Greek salad

From Wikipedia, the free encyclopedia
  (Redirected from Greek Salad)
Jump to navigation Jump to search
Greek salad
Greece Food Horiatiki.JPG
Horiatiki salad with Feta cheese as served on Hydra Island, where cucumber is peeled. In other regions, cucumbers are left unpeeled.
Place of origin Greece
Main ingredients Tomatoes, cucumbers, onions, feta cheese, olives (usually Kalamata olives), salt, oregano, olive oil
Cookbook: Greek salad  Media: Greek salad
Horiatiki salad as served in the Dodecanese Islands of Hellas
Horiatiki salad, also called Mediterranean salad or Cretan salad, as served on Crete
Horiatiki salad served together with moussaka in Lavonia, Peloponnesus

Greek salad or Horiatiki salad (Greek: χωριάτικη σαλάτα choriatiki salata [xorˈjatici saˈlata] "villages' salad", "rustic salad" or θερινή σαλάτα therini salata [θeriˈni saˈlata] "summer salad") is a salad in Greek cuisine.

Greek salad is made with pieces of tomatoes, sliced cucumbers, onion, feta cheese (usually served as a slice on top of the other ingredients), and olives (usually Kalamata olives), typically seasoned with salt and oregano, and dressed with olive oil. Common additions include green bell pepper slices or berries of capers (especially in the Dodecanese islands). Greek salad is often imagined as a farmer's breakfast or lunch, as its ingredients resemble those that a Greek farmer might have on hand.[1]

Outside Greece[edit]

Greek salad as served in France, America, England and other countries. The main differences from the original Horiatiki salad are the serving of the Feta cheese in multiple cube-shaped cuttings instead of a single rectangular-shaped cutting and the more liberal supply of onion.
An American-style "Greek" salad, served with lettuce
Greek-inspired salad as served in Copenhagen, Denmark

Outside Greece, "Greek salad" may be a lettuce salad with Greek-inspired ingredients, even though the original dish is distinguished by the absence of lettuce. Meanwhile, the variant without lettuce may be called horiatiki, "country salad", "peasant salad", or "village salad". Lettuce, tomatoes, feta (often served in multiple cube-shaped cuttings mixed with the vegetables), and olives are the most standard elements in an American-style Greek salad, but cucumbers, peperoncini (pickled hot peppers), bell peppers, onions, radishes, dolmades, and anchovies/sardines are common. In Detroit, for example, Greek salad includes beets, and in the Tampa Bay Area, it often includes potato salad. Dressings containing various herbs and seasonings are frequently used in the U.S. This style of Greek salad is rarely encountered in Greece.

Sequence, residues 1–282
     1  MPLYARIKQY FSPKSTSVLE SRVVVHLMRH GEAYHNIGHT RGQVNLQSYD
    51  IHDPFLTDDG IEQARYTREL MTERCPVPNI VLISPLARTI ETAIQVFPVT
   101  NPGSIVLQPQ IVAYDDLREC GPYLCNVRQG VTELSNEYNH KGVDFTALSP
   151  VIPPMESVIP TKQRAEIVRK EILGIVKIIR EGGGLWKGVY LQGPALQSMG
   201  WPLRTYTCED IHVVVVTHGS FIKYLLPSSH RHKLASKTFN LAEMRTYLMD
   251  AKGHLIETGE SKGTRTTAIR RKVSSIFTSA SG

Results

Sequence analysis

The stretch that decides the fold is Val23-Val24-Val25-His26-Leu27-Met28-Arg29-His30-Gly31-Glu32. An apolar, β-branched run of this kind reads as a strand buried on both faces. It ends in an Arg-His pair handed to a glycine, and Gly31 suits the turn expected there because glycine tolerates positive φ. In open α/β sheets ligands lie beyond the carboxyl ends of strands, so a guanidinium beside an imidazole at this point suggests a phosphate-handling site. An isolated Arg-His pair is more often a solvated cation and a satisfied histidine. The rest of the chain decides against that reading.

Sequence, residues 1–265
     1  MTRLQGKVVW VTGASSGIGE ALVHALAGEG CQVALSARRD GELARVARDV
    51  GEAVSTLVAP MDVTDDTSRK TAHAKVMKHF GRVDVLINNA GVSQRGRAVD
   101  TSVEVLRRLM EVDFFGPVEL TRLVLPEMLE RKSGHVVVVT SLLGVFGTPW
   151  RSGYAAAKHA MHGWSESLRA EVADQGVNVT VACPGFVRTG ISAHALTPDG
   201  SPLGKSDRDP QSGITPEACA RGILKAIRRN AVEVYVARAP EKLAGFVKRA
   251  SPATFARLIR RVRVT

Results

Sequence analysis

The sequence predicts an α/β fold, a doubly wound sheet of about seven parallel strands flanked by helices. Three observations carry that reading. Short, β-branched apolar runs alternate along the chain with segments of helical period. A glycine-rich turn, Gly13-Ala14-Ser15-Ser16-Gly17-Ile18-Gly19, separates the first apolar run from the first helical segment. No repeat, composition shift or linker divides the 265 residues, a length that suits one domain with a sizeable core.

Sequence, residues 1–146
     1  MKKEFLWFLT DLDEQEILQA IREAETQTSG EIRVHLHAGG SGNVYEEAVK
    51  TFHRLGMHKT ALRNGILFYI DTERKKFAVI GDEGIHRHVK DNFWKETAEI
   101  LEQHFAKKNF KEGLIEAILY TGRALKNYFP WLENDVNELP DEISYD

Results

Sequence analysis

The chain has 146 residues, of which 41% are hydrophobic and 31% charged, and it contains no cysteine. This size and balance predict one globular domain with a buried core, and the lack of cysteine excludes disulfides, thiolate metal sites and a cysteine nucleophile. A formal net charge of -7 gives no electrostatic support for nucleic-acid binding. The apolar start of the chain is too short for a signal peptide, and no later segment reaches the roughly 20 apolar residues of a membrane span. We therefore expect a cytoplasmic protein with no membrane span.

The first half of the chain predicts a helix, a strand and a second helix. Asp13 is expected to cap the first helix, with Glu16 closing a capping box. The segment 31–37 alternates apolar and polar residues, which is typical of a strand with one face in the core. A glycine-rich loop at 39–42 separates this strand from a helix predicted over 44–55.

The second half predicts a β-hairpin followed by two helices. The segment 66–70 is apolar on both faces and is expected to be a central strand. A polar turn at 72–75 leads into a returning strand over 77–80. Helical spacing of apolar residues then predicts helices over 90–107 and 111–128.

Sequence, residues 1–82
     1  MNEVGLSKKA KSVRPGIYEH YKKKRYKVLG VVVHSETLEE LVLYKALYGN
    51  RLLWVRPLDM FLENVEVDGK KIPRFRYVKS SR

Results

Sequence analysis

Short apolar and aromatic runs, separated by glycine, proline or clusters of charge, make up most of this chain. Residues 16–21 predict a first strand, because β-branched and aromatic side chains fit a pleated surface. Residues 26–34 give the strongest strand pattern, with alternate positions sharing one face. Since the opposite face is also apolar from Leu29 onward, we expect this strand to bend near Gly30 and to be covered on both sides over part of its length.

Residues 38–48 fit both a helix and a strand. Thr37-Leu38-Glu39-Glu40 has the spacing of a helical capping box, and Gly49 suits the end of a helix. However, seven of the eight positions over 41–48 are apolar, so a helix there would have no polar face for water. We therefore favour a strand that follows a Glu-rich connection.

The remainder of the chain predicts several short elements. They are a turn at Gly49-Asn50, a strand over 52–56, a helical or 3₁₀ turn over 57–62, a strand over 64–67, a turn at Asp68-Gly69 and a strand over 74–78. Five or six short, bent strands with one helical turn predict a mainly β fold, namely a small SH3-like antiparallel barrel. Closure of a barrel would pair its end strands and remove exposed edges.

Various other salads have also been called "Greek" in the English language in the last century, including some with no apparent connection to Greek cuisine. A 1925 Australian newspaper described a Greek Salad of boiled squash dressed with sour milk;[2] a 1934 American newspaper described a mayonnaise-dressed lettuce salad with shredded cabbage and carrots.[3]

Other salads in Greece and Cyprus[edit]

There are many other salads in Greek cuisine. These include: lettuce (marouli) salad with lettuce, onion and dill; shredded fresh cabbage salad (lahanosalata), dressed with olive oil and lemon juice and garlic; beetroot salad (pantzarosalata), boiled and sliced beetroots, sometimes with beet greens as well, dressed with olive oil and red wine vinegar; arugula (roka) salad, dressed with olive oil and red wine vinegar or lemon juice, possibly including anchovies; patatosalata, potato salad with olive oil, finely sliced onions, lemon juice or vinegar; revithosalata, chickpea salad; and maintanouri, parsley salad, usually used as a condiment.

Cypriot salad;[4], native to the island of Cyprus, consists of finely chopped tomatoes, capers, cucumbers, onions, flat-leaf parsley, feta cheese, dressed with olive oil and lemon or red wine vinegar, and closely resembles the "Greek salad" of Greece.

Some spreads and dips found in the meze of Greek cuisine are also called "salads" in Greek, such as melitzanosalata, taramasalata and tzatziki.

See also[edit]

References[edit]

  1. ^ Zhang, Jenny. "A Modern Tradition: Greek Salad". Organically Blissful. Retrieved 15 December 2016. 
  2. ^ "The Age – Google News Archive Search". google.com. January 13, 1925. p. 7. 
  3. ^ The Daily Times (Rochester and Beaver, Pennsylvania), March 13, 1934
  4. ^ "Cypriot Salad".